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I used to be an actress in D movies. They were’n't even B because they weren't just bad, they were unbearable, unwatchable, and horribly boring. They were low low low budget indie horror movies that gave me no script, just a general sense of how to act and, most importantly, how to die at the end of our scene. I was painting then, during the days we were’'t filming. There was no internet back then, and the only person I showed my art to was my 2 year old cat ‘Pooh’. 

One day a little man was on set with a camera and snapped photos during my shoot.  I was split in half by a table saw made out of cardboard (Hey, I got paid) The scene was cheesy, but his photos were amazing. He did this thing where he flicked his arm that held the camera while he pressed the shoot button. What resulted was a photo of a blurred figure with her mouth open in a scream. It was horrifying. He got a gallery show from that shoot and invited me to go. 

Photo Credit Jane Doe

Billy Corgan is really fucking tall.  In the sea of people packed into the warehouse/gallery in Soho, his circa 2001 bald head floated above us all. I don’t remember what he was wearing, only the sparkling light that came from his superstar aura, but everyone else wore black.  Well, not me. 

I wore a yellow and white floral blouse and an orange chiffon skirt, mismatched from the thrift store.  I am from suburban south jersey and even though New York is only 2 hours away, it costs 40 bucks to take the train so I never go.  Plus traffic, and, people. (If you live in San Diego you know you never go to LA. Don't pretend you do.) I was excited to meet real artists and people like me who were in love with painting.

If you live in Wisconsin you may not know that in New York there is no such thing as personal space. All of the people there will touch you all of the time. And even though it's weird, after a day on the street, on line in the deli, in a cab, in the subway, you will become numb to strangers rubbing against your clothing.  So it was the same at the gallery show where people in minimalist black outfits crammed together while Billy Corgan’'s sparkling bald head floated like a beach ball.

I wasn'’t shy and talked to whoever was near, about painting and trying hard because I was in love. I was devoted. “"What kind of art do you do?”" Sometimes they took 2 sentences to tell me before shuffling away. Sometimes I got a smile, I think. Mostly, I was ignored. The guy who bought the photo I was in came up to me and told me it was going on his wall, and I felt creepy.  Artist’s in New York.

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6 years later and my isolation and creative excitement exploded on the new site, Youtube, and today as I write this post, I am surrounded by a sea of colorful creative women.On Friday I read this article ; and so I have been thinking. With the release of my newest workshop MIXED MEDIA MARIE, I am thinking about what it is about Miss Antoinette that has some of us so enamored? 

Isn’'t it interesting that what is considered an acceptable androgynous silhouette is minimalistic and masculine. Ruffles and glitter and dangly things and CURVES and color are seen as girly, and girly is seen as frivolous, as over the top, as emotional. As weak.   

If you listen to big cities, serious art is minimalistic too.  You don’t see much glitter in New York galleries unless it is on a 6 foot penis making a political statement. ( Ref: Actually it was Portland Oregon, 2016).  Glitter as a deliberate and enjoyable aesthetic? Never.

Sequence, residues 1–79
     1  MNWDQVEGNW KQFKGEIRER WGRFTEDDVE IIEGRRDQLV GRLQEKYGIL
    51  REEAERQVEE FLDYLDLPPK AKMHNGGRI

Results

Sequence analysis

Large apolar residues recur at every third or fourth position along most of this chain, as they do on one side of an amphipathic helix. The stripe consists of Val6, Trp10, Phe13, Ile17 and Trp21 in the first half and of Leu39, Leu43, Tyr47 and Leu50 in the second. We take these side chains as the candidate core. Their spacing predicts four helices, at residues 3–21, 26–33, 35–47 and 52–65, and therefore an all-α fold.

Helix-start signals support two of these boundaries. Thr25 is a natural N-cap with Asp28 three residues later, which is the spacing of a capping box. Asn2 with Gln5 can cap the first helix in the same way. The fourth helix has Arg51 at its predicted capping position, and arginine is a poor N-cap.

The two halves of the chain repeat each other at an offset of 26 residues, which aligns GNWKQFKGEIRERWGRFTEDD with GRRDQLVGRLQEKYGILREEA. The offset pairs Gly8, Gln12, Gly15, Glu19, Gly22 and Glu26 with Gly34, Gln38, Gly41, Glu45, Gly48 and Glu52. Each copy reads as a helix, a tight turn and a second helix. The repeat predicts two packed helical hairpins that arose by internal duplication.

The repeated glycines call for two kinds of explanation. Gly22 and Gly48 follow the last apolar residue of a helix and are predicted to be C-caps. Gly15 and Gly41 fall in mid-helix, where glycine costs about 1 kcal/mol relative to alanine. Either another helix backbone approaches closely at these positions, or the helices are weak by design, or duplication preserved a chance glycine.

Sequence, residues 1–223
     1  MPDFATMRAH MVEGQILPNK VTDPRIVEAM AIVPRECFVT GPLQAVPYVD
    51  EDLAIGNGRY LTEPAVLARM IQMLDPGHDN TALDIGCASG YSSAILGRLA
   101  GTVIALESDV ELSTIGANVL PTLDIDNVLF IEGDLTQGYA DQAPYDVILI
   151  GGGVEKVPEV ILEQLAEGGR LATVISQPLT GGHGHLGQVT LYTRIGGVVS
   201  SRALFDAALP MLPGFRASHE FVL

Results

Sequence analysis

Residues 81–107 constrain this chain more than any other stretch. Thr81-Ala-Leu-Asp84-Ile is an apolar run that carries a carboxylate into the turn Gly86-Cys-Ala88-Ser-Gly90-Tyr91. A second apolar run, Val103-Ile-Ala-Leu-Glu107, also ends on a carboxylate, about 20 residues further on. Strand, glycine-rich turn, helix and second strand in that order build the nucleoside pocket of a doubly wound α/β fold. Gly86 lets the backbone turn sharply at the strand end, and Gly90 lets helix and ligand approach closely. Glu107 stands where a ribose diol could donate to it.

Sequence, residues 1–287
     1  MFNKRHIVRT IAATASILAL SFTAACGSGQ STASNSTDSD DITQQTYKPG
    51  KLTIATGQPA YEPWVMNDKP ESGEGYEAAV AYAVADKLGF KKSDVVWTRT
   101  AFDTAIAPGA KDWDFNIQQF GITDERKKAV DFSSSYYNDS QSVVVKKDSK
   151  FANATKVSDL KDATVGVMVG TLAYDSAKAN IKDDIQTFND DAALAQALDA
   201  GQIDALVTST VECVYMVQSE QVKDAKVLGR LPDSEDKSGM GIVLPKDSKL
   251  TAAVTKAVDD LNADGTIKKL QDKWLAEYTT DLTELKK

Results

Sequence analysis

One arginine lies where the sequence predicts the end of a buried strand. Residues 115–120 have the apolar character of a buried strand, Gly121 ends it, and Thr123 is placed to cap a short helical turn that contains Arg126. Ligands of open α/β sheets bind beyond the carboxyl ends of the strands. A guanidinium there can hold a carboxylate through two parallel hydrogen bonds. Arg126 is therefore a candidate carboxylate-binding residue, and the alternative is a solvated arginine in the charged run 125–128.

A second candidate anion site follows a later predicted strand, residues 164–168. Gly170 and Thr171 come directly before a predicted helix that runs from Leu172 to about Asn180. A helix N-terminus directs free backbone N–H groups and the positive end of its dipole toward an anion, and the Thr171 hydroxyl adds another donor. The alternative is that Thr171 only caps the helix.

"And speaking of clothing, that's a very unusual shirt you have on."

You also don’t see serious men wear frilly shirts, but that wasn't always so.  In the late 1700’s Baroque and Rococo was the norm, in music, theater, fashion, art, hairstyles. Pastels, graceful curves, ornament, MORE WAS MORE.

 

Frilly shirts meant you were a playboy in the 1700's

 

Until 1836 when depressed poets started to call frilly style 'frivolous' and in 'poor taste', and replaced Rococo with a return to Neoclassicism - those Greek  loving minimalist lines.  Democracy comes from the Greeks,  but do you have any idea how they treated women? Men went to school and were politicians and women were not allowed to leave the house, except for a funeral.  Our love of democracy is deeply tied to the enslavement of women.  https://www.ancient.eu/article/927/women-in-ancient-greece/

That is why Marie and her frills are so important to me.  No, I don’t want a Queen living the high life while I starve, but femininity needs to be injected into all of our attire.  

Minimalism as an ideal, "represents a threat unique to women... .and with this masculine, minimal ideal for style, also often comes the masculine, minimal ideal for what a woman’s body should look like. This body should have little to no curves and should also preferably be flat-chested. Anything that would hint at a feminine curve should be subdued and pushed in. I’'ve taped my boobs to look rightfully minimalistic.”" - Amanda Brohman

Like Brohman, I too like to wear grey and “straight lines” once in a while, but frills need to be equated with importance and respect.  We need boobs and curves and bows and afros with combat boots. It’s okay my ruffles get dirty, I can role them up to change a tire. This is about claiming something.  My art is the same - it is layered and complicated and has GLITTER. I don't care if it isn't taken seriously, I know what it means. 

The tutus and tiaras are not for me to look pretty for men, they are for me.

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